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Eden's Outcasts: The Story of Louisa May Alcott and Her Father (2008)
Amazon.com Product Description (ISBN 0393333590, Paperback)
"An amazing story [told] with clarity and intelligence ... colorful and insightful."—Martin Rubin, Los Angeles TimesWinner of the Pulitzer Prize for Biography
Louisa May Alcott is known universally. Yet during Louisa's youth, the famous Alcott was her father, Bronson—an eminent teacher and a friend of Emerson and Thoreau. He desired perfection, for the world and from his family. Louisa challenged him with her mercurial moods and yearnings for money and fame. The other prize she deeply coveted—her father's understanding—seemed hardest to win. This story of Bronson and Louisa's tense yet loving relationship adds dimensions to Louisa's life, her work, and the relationships of fathers and daughters.26 illustrations
(retrieved from Amazon Thu, 12 Mar 2015 18:23:26 -0400)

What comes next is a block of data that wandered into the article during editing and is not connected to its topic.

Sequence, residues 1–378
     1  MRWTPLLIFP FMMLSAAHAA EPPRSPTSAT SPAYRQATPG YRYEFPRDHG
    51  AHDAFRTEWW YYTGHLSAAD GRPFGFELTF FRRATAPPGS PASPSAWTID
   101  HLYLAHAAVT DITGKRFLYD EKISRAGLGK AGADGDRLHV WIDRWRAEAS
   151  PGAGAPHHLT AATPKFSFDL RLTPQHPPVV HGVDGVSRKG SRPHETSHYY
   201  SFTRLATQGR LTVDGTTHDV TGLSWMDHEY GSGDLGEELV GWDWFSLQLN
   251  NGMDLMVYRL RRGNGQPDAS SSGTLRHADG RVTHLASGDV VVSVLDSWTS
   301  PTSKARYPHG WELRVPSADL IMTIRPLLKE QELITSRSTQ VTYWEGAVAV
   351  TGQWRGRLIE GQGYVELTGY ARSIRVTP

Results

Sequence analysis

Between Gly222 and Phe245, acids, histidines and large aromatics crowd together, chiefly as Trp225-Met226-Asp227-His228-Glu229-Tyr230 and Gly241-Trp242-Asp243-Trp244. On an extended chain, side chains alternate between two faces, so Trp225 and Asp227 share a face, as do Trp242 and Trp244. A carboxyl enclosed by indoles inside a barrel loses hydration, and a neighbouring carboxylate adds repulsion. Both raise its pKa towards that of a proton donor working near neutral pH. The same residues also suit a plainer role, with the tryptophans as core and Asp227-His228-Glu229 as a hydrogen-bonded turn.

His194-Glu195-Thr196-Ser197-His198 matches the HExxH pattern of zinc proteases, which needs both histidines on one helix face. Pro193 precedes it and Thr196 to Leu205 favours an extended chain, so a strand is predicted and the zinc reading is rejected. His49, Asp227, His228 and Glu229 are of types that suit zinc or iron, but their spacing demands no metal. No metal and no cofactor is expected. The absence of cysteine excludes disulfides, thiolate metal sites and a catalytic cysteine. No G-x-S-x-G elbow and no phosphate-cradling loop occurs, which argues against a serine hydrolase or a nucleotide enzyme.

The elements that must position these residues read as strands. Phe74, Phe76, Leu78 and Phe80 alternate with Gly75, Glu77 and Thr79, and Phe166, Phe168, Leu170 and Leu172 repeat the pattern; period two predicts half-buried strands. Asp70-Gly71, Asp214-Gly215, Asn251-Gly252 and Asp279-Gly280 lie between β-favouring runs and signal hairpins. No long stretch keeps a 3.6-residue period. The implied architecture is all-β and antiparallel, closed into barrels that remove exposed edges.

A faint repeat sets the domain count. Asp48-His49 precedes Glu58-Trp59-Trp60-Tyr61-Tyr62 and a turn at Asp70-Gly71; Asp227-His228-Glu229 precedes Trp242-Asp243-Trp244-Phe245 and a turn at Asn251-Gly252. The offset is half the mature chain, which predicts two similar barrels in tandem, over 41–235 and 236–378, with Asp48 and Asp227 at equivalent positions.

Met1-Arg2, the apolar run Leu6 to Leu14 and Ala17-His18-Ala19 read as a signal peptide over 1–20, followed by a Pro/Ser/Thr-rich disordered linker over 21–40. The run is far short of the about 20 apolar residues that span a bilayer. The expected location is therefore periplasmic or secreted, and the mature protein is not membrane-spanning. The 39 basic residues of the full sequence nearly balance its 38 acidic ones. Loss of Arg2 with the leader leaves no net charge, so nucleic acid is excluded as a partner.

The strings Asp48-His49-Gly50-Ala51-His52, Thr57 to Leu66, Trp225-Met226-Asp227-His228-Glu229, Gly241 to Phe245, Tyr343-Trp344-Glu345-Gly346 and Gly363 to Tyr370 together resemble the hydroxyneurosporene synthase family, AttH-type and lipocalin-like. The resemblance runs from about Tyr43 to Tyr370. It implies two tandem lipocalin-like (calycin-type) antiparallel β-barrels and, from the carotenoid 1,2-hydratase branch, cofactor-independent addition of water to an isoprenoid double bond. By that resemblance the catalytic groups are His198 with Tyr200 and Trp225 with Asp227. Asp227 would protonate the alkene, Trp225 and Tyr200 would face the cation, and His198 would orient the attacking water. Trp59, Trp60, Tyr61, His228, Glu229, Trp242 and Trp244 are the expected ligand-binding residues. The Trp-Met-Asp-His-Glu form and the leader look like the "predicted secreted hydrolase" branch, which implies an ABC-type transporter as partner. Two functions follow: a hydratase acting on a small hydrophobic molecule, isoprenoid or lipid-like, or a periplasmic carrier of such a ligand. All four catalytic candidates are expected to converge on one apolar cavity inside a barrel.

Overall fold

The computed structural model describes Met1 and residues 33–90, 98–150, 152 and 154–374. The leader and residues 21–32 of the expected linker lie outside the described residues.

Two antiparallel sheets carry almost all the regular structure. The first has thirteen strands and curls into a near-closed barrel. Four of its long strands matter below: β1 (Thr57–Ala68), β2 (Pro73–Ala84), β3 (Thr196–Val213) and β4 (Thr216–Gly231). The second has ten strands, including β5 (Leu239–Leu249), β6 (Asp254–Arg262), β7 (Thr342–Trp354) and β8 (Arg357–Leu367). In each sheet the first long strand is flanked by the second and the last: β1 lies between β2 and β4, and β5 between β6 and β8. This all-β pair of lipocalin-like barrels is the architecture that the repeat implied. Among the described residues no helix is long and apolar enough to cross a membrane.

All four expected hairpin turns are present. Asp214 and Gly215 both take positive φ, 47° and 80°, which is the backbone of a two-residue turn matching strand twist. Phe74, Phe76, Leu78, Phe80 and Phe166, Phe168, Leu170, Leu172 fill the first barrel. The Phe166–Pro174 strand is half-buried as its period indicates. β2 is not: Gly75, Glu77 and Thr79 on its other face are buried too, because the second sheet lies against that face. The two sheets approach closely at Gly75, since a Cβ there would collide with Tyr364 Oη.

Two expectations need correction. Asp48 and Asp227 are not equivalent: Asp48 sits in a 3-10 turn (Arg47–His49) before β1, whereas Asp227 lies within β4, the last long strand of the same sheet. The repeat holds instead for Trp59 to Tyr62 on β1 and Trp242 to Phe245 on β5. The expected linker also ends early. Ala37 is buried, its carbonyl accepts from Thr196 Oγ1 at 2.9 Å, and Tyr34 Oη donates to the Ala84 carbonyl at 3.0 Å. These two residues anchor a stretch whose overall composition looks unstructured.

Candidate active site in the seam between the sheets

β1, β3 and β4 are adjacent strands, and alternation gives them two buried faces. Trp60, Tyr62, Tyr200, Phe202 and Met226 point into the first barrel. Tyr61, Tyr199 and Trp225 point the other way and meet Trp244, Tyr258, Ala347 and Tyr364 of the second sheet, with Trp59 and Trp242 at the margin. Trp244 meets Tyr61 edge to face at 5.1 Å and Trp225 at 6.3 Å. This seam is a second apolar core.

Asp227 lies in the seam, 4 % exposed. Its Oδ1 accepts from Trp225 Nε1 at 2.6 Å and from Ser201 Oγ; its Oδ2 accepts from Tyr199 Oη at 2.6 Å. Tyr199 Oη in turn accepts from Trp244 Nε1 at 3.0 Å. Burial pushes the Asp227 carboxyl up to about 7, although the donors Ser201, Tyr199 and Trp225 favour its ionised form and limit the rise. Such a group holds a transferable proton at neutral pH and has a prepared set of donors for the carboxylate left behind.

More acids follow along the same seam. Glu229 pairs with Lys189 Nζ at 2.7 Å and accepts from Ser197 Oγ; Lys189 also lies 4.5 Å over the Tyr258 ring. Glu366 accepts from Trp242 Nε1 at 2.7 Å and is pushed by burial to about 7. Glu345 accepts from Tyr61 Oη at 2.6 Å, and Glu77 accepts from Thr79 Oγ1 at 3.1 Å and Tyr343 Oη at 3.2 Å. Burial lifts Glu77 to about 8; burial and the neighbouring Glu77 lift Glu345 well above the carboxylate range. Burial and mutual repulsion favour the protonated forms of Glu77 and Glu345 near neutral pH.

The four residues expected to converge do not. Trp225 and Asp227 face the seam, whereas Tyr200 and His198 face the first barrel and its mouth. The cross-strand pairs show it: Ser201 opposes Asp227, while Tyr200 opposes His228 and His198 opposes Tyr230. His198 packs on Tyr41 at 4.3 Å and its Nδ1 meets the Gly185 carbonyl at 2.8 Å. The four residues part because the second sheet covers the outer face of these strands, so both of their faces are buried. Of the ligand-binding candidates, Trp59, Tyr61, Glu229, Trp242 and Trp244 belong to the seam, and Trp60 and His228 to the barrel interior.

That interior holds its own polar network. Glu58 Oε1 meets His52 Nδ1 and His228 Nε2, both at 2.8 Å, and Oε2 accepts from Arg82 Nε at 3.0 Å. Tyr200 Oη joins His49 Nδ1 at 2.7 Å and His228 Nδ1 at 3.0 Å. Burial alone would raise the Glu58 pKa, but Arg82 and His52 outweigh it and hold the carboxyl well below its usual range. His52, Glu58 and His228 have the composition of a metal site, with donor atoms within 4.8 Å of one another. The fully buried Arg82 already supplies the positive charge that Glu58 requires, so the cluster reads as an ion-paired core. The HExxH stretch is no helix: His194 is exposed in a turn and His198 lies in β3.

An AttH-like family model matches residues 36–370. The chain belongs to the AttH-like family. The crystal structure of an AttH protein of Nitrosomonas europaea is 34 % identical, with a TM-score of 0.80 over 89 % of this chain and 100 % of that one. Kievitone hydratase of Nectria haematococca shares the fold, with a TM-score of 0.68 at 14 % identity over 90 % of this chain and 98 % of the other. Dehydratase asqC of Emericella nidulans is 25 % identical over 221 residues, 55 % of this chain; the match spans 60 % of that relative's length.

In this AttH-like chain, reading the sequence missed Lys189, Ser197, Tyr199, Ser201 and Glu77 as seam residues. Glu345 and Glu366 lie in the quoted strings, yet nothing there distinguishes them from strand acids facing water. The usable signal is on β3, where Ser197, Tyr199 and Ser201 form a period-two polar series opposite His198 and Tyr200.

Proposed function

The beloved author of Little Women was torn between pleasing her idealistic father and planting her feet in the material world. Now, Louisa May Alcott's name is known universally; yet, during her youth, the famous Alcott was her father, Bronson--an eminent teacher, lecturer, and friend of Emerson and Thoreau. Willful and exuberant, Louisa flew in the face of all her father's theories of child rearing. She, in turn, could not understand the frugal life Bronson preached, which reached its epitome in the failed utopian community of Fruitlands. In a family that insisted on self-denial and spiritual striving, Louisa dreamed of wealth and fame. At the same time, like most daughters, she wanted her father's approval. This story of their tense yet loving relationship adds dimensions to Louisa's life, her work, and the relationships of fathers and daughters.--From publisher description.
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